According to leaked internal documents obtained by The Financial Times, Facebook’s top brass intervened to allow US politicians and celebrities to post whatever they wanted, overriding the network’s professed high moral ground designed to curb misinformation and harmful content.
Employees claim that after being stung by conservative accusations of bias, Facebook allowed right-wing figures to break the platform’s own rules.
“In September 2020, just ahead of the US presidential election, the author of an internal memo wrote that ‘director-level employees‘ had ‘written internally that they would prefer to formally exclude political considerations from the decision-making process’,” FT said in a story Monday.
Another employee claimed in an internal note dated December 2020 and reported by the Financial Times that the company’s public policy team blocked decisions to remove posts “when they see that they could harm powerful political actors”.
“In multiple cases, the final judgment about whether a prominent post violates a certain written policy are made by senior executives, sometimes Mark Zuckerberg,” the author added.
In another case from 2019, Zuckerberg was accused of being personally involved in the decision to allow a video that claimed abortion is “never medically necessary.”
The post, which had been removed by a moderator, was re-posted.
The documents, which were part of a larger cache dubbed the “Facebook Papers,” were disclosed to US regulators and provided to Congress in redacted form by whistleblower Frances Hougen’s legal counsel.
These redacted documents were obtained from the US Congress by a group of media organisations.
In a foreshadowing of increased media attention, Haugen tweeted that she was looking forward to meeting with a joint committee of the British parliament on Monday to draught online safety rules.
While Facebook declined to respond to FT’s queries, Joe Osborne, a Facebook spokesperson, said: “At the heart of these stories is a premise which is false. Yes, we’re a business and we make profit, but the idea that we do so at the expense of people’s safety or wellbeing misunderstands where our own commercial interests lie. The truth is we’ve invested $13bn and have over 40,000 people to do one job: keep people safe on Facebook.”
A former Facebook executive told the FT that Zuckerberg had long told staff to aim for what he called “unimpeachable neutrality”.
But three other former employees said they observed “how Facebook applied its own rules in an inconsistent and haphazard way, with special treatment for celebrities”.
One former integrity team employee said: “For the people running Facebook, it seems like they care much more about not appearing biased than actually not being biased. Often their efforts at the former make the latter worse.”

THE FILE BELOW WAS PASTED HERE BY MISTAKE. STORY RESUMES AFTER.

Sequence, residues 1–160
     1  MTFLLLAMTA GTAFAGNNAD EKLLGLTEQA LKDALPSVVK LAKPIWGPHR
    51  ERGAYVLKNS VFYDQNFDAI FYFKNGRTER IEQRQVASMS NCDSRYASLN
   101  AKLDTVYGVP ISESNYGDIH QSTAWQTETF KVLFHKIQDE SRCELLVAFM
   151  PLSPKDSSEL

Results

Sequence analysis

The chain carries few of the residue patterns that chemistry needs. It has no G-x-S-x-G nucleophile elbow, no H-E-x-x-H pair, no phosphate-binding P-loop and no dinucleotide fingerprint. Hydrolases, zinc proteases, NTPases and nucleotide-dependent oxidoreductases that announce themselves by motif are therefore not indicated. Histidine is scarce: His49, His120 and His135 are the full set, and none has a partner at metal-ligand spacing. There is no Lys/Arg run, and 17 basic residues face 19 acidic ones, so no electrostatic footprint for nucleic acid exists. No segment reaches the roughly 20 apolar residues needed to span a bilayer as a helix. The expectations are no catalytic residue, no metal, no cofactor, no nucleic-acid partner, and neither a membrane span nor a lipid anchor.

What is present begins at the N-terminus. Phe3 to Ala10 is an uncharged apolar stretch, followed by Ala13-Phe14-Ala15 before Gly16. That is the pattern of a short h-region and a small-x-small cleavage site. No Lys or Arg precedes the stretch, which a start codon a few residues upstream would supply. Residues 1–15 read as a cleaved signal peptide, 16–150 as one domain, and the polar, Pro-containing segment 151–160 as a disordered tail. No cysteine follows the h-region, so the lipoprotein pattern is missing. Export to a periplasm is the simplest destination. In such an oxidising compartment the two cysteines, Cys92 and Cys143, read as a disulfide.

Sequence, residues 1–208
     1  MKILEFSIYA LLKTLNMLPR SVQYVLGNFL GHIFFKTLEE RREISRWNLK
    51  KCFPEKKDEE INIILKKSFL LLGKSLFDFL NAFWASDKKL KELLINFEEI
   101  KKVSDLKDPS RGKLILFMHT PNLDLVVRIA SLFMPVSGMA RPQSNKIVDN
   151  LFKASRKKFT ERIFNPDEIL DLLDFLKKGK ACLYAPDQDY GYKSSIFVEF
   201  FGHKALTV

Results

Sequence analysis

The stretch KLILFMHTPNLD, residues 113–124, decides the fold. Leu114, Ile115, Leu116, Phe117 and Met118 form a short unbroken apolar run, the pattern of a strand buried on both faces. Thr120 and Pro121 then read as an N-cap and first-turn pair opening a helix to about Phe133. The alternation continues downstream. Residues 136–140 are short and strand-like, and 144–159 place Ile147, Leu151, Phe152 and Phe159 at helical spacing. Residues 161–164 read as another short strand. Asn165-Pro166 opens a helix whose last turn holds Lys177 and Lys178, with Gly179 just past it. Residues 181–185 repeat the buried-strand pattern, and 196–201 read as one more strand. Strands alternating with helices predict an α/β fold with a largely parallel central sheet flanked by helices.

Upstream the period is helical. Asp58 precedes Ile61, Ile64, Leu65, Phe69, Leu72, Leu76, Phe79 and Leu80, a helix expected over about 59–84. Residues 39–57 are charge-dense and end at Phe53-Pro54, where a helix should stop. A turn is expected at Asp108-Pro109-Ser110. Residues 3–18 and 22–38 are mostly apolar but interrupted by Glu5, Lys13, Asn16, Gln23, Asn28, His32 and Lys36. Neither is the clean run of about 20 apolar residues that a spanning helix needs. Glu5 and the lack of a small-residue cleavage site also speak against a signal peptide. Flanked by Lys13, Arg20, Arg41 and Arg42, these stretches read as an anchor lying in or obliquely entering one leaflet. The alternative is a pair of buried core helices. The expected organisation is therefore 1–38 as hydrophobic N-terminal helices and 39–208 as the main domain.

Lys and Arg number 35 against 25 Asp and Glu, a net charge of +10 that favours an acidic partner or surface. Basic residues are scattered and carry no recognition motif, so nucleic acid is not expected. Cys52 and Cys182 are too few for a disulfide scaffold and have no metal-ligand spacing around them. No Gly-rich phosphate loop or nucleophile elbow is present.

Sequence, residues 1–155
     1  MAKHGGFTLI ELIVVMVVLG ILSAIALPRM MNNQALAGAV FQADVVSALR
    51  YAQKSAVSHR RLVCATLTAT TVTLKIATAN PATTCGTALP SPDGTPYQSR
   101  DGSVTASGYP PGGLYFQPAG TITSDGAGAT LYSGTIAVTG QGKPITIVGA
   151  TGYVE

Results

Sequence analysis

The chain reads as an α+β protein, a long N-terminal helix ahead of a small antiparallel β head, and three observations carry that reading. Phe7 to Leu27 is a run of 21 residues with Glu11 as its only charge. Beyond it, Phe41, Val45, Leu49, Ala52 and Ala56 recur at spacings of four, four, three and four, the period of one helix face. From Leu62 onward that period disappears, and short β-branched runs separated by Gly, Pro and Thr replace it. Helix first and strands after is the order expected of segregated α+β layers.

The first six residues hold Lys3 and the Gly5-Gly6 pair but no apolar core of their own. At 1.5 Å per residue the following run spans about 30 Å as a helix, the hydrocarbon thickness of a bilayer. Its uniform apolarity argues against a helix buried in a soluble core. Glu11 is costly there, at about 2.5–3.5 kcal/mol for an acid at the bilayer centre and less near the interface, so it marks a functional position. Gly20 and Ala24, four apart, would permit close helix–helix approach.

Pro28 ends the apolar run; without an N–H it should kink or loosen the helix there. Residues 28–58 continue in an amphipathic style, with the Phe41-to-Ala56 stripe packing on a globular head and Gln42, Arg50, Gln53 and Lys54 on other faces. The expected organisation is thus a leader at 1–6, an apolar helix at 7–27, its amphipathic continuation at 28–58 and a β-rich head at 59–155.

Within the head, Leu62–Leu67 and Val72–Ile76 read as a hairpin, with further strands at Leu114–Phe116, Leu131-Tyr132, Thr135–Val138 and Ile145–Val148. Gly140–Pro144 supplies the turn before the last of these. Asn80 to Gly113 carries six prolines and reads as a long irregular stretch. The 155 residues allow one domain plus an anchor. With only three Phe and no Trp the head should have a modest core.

In a memo published in July 2020, first reported by BuzzFeed, Facebook said it had decided not to reduce the distribution of “political publishers” ahead of the election but noted that such a move could risk “accusations of shadow-banning and/or FB bias against certain political entities” during the November vote.
When Trump claimed that Covid-19 was less lethal than flu, Facebook stepped in to censor him. However, according to the December 2020 memo, efforts to demolish “repeat offenders” were often reversed, “influenced by input from Public Policy”, FT reported.
The employee wrote that decisions were made to exempt “publishers on the grounds that they were “sensitive” or likely to retaliate”.
Another employee involved in efforts to curb hate speech on the platform accused Facebook of favouring media outlets Breitbart, which has been included on the company’s high-quality news tab since 2018.
“We make special exceptions to our written policies for them and we even explicitly endorse them by including them as trusted partners in our core products,” the staffer said.
In June 2020, one employee proposed the formation of a “internal oversight board” comprised of Facebook employees based in offices around the world to assist the company in making decisions.
Fidji Simo, the then-head of Facebook apps, responded by saying that Facebook was working on forming a small internal oversight board team.
“It’s so obviously a conflict of interest,” one former employee from the integrity team told the FT. “They should be as far away from each other as possible, not reporting to the same bosses.”
Facebook is embroiled in a slew of bad press. According to the Wall Street Journal, it has an internal system called “cross-check” that was sometimes used to protect the fat cats even when they broke the platform’s rules through whitelisting.
The social media behemoth has stated that it is working to clean up the mess.
Separately, a whistleblower filed a complaint with the US Securities and Exchange Commission on Friday, as first reported by the Washington Post and reviewed by the Financial Times, alleging that Facebook’s public policy team would “over-index towards pleasing Trump and the Trump administration”.